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Hives - Causes, Side Effects, and Treatment

Hives, also known as urticaria, is an allergic itchy rash of swollen, red bumps on the skin. It is very common: about 20% will suffer from it at some point in their lives. It may occur at any age, regardless of gender.

The rash may appear anywhere in the body and in different sizes. Sometimes the bumps look like a burn on the skin; sometimes they merge and form surfaces of different sizes, and sometimes they cover large body areas. The rash appears and disappears unexpectedly, and it is impossible to predict the order of appearance of the bumps or the reason they outbreak in different places.

It can go away within a few minutes, but for many patients, this condition may return and even last for a long time, sometimes even months or years. In most cases, the rash disappears within a few hours.

Hives that lasts over six weeks is classified as chronic hives.

Causes and Risk Factors

Hives are caused by an inflammatory in the skin that releases various substances from the cells of the immune system, such as histamine.

In some people, it may follow exposure to an allergen that causes the inflammatory response.

The most common allergens:

  • Food: Some people can be sensitive to milk, various nuts, eggs, fish and chocolate. In addition, there are supplements such as salicylates and sulfites that can cause allergy.

  • Medications: Almost all medicines can cause hypersensitivity and hives. The most known are penicillin, aspirin, ibuprofen, and high blood pressure medications.

  • Other substances: animal fur, insect bites and more.

  • Environmental factors such as fever, cold, various infections, exposure to sunlight and stress can also lead to the release of histamine and cause hives.

  • There are certain situations where physical irritation of the skin like itching may cause hives - this condition is called dermatographism.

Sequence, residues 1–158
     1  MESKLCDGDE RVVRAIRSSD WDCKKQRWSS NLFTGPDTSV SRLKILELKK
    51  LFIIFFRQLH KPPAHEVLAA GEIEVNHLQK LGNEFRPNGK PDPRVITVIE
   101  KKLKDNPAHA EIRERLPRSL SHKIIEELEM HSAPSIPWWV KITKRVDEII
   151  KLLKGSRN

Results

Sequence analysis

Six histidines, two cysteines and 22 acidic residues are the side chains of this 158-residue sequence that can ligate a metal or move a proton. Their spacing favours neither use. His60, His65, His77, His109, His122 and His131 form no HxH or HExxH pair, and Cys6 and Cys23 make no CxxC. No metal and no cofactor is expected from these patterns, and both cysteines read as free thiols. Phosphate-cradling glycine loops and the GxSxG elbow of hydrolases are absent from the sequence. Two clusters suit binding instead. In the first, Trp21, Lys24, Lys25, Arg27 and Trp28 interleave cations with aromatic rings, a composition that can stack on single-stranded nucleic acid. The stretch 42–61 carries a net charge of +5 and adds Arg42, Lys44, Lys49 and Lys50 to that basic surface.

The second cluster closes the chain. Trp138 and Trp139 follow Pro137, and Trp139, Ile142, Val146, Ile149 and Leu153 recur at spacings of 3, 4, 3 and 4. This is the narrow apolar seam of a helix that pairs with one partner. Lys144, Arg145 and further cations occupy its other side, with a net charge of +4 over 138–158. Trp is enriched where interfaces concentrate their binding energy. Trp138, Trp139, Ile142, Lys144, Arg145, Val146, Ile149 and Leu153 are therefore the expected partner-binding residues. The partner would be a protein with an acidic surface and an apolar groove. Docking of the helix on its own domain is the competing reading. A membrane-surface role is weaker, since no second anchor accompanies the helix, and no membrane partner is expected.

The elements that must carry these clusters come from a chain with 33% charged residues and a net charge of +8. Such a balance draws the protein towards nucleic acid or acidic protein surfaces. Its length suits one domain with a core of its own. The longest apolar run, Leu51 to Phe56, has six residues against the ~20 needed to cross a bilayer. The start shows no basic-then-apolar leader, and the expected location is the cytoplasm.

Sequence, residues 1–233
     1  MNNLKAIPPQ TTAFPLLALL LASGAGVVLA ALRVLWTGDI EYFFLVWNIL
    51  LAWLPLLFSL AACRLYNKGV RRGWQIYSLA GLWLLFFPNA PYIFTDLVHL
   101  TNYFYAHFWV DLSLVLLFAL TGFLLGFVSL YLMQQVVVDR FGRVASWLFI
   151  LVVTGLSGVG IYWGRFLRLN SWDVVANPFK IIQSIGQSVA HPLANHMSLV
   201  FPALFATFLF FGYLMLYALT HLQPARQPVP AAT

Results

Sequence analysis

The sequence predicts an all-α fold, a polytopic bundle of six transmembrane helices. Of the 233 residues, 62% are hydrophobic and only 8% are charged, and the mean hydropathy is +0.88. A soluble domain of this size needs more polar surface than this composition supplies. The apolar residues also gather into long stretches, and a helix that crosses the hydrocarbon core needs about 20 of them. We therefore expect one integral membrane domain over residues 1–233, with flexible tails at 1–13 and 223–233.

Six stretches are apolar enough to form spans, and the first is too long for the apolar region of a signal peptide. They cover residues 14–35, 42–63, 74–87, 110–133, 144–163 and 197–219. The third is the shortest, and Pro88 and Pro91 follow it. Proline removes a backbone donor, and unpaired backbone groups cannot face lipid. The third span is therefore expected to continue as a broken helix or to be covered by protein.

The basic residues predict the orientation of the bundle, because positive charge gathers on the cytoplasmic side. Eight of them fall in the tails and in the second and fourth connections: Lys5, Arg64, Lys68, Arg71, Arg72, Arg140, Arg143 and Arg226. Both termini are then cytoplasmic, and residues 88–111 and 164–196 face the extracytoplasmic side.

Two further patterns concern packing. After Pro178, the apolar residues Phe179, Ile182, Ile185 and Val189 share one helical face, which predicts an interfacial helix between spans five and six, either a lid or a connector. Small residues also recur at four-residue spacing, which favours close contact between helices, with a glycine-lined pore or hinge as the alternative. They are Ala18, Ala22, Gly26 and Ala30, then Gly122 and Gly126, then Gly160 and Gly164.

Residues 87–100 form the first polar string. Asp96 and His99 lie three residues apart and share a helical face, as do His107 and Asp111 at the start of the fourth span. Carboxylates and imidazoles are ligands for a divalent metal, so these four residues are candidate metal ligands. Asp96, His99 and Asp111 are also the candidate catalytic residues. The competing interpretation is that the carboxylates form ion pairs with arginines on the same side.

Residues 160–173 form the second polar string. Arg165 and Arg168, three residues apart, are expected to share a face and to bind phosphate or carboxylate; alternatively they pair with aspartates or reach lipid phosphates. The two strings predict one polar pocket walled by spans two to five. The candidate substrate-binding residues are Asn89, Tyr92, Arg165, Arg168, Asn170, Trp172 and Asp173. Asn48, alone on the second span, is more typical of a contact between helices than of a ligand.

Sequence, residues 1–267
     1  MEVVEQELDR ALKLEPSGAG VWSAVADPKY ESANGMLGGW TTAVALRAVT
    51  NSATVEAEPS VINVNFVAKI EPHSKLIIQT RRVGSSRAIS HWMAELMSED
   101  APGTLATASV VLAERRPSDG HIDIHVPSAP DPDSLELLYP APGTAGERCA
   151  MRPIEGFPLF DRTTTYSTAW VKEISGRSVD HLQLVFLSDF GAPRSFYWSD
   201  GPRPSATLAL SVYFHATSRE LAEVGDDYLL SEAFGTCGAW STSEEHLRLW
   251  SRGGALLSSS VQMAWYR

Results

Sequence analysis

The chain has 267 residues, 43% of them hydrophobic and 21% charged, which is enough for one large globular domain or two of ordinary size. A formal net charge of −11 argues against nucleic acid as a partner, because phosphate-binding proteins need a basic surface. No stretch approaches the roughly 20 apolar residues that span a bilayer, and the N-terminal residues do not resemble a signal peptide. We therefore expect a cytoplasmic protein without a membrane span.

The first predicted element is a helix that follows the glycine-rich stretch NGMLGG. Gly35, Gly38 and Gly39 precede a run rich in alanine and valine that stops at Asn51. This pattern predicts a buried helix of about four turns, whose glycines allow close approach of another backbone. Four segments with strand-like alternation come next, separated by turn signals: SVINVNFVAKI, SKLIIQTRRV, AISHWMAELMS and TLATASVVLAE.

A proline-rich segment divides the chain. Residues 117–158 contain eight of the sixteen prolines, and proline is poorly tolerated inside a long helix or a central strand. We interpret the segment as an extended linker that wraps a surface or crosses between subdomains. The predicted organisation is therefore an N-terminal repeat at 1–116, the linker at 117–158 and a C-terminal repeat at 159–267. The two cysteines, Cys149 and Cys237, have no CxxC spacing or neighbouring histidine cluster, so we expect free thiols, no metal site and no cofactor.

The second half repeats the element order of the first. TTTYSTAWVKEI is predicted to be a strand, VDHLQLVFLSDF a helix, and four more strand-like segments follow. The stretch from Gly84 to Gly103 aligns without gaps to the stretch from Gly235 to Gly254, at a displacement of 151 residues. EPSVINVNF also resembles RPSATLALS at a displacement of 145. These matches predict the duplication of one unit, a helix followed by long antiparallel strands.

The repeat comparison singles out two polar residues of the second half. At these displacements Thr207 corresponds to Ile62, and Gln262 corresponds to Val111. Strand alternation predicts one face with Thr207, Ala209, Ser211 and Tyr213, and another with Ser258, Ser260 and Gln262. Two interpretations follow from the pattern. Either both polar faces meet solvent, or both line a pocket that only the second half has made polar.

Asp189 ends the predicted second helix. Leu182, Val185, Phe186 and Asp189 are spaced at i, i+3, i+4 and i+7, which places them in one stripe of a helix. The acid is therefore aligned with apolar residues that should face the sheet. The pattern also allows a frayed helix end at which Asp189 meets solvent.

Side Effects and Complications

Apart from itching, in rare cases, hives can develop into breathing complications and even loss of consciousness. A severe allergic reaction can also cause an anaphylactic shock. In this situation, a narrowing of the airways occurs, causing an inability to breathe along with a sharp drop in blood pressure. These conditions require immediate medical intervention.

Home Treatment for Mild Hives

  • Try over-the-counter anti-itch drug.

  • Apply cool compresses.

  • Take cool baths – use a special hypoallergenic moisturizing soap.

  • Avoid any food that worsens the itching and rash. You should avoid trying new and unfamiliar foods.

  • Fabrics made of synthetic fibers cause the body to lose its moisture and worsen the itching and dryness. It is therefore advisable to choose clothes made from natural fibers: 100% cotton or silk which allow the skin to breathe. Furthermore, it is recommended to choose loose clothing and avoid perfumes and woolens.

When Should You Seek Medical Care?

If any of the following occurs, please visit Premier or call 911 immediately:

  • Breathing difficulty

  • Pain in the abdominal

  • Vomiting, diarrhea, or wheezing

  • Weakness, dizziness, or loss of consciousness

  • Hives that last over three days

  • Hives that are swelling

  • New hives after two days

  • No improvement in the symptoms